The huge success of coffee is followed by the popularity of coffee houses. Almost overnight coffee houses appear across England. From coffee’s arrival in Venice in 1615 to the middle of the 17th century, more than 300 coffee houses have been established throughout Europe (“History”). The coffee houses in Europe are remarkably similar to the qahveh khanek from the Arabian Peninsula. Coffee houses become centers of intellectual thought and a gathering place for news and discussion. Coffee houses are also frequented by artists, musicians, and poets (“History”). According to Ethel Starbird’s article “The Bonanza Bean: Coffee,” it is rumored that Voltaire drank fifty cups of coffee a day in coffee houses. Johann Sebastian Bach also wrote a complete musical cantata praising the value of coffee and condemning those who oppose it (Starbird). Throughout Europe, intellectuals are drawn to the social appeal of coffee houses.

V.                 Legends about the Spread of Coffee

xiv.gifMany interesting rumors exist about how coffee travels from location to location in such a short amount of time. According to one legend from the International Coffee Association, the Mayor of Amsterdam gives Louis XIV a young coffee seedling in 1714 that he plants in the French Botanical Gardens (“Story”). A naval officer, Gabriel de Clieu, comes to Louis XIV and asks for a clipping from the plant. The king denies the request, but Gabriel de Clieu sneaks into the gardens and cuts off a small branch from the plant during the night (“Legends”). Gabriel endures a harsh journey with the plant, including terrible weather at sea, attack by pirates, famine on the ship, and a disgruntled shipmate who tries to steal the plant from him (“Story”). Despite these conditions, Gabriel makes it to Martinique with the plant, and the seedlings from this plant grow into 18 million coffee trees over the next fifty years (“Legends”).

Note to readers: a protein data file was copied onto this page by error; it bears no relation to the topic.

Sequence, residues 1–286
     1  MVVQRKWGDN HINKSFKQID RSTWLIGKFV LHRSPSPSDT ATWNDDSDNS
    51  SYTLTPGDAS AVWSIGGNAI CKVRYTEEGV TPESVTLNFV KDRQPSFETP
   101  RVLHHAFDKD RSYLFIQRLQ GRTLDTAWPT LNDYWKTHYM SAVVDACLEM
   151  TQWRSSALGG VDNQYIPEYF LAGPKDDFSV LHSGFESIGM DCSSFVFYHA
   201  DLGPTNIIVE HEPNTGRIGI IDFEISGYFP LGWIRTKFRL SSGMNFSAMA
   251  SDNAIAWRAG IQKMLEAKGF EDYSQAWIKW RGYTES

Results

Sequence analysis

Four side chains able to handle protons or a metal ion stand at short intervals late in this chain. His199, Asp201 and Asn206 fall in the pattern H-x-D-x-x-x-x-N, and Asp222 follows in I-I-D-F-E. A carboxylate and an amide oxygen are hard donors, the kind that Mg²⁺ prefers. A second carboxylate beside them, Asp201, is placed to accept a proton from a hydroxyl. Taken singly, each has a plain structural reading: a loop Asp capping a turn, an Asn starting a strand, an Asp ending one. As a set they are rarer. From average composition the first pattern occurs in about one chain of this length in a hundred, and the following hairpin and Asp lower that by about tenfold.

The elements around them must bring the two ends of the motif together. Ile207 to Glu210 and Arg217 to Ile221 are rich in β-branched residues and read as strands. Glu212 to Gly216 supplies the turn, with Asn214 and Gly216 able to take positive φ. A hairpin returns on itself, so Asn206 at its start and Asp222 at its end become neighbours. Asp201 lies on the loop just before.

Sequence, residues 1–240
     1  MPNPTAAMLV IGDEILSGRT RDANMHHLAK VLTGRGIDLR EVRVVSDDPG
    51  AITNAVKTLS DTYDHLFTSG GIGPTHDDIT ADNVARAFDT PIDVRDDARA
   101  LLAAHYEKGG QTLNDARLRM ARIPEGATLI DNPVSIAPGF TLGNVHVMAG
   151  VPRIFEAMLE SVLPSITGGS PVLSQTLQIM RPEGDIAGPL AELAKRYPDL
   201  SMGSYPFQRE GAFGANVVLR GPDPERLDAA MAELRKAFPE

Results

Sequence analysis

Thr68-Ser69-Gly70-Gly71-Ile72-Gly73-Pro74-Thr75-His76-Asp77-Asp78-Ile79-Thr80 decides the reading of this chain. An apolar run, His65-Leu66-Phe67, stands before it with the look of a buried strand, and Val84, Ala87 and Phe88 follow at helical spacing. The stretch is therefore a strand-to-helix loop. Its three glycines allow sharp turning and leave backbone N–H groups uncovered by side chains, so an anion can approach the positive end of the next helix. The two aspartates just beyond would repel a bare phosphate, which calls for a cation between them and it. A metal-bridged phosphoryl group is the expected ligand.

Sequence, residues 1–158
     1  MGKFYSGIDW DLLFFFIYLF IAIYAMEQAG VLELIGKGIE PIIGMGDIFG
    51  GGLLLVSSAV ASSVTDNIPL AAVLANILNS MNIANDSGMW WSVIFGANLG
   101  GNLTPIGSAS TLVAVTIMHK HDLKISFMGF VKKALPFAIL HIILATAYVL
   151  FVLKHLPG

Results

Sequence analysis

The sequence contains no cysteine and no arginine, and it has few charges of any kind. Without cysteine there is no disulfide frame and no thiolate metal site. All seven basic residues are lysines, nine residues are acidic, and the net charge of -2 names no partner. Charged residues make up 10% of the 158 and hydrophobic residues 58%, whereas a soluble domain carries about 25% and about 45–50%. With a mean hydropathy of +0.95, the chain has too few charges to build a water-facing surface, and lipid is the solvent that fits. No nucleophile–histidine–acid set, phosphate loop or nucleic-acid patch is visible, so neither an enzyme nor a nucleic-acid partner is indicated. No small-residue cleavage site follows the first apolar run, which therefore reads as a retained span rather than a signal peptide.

blossoms.gifIn a similar rumor from the National Geographic online coffee database, Francisco de Mello Palheta is sent to a French governor with the purpose of obtaining coffee seedlings to grow in Brazil (“Legends”). The governor refuses Palheta’s request, but the governor’s wife becomes quite taken by Palheta. As a going away present, she gives Palheta a bouquet of flowers, and hidden inside are coffee seeds. Palheta takes these seeds to Brazil, where coffee becomes a multi-billion dollar industry (Starbird). According to National Geographic’s online statistics, Brazil is still the leading supplier of coffee, producing one third of coffee consumed (“Major”).

VI.              Coffee in America

Despite the growth of coffee in Europe and the arrival of coffee in America, for many years tea is still the preferred beverage of colonists. If it had not been for the tea tax imposed by the British, tea would probably still be the primary beverage in America. To show their outrage at the tea tax, colonists in Boston, Massachusetts engage in what is now known as the Boston Tea Party in 1773. Colonists dump the tea from England into the water, and many follow this action by refusing to drink tea at all. Coffee becomes the beverage that replaces tea for America, and since that time, coffee still maintains its position as the more popular beverage (“Story”).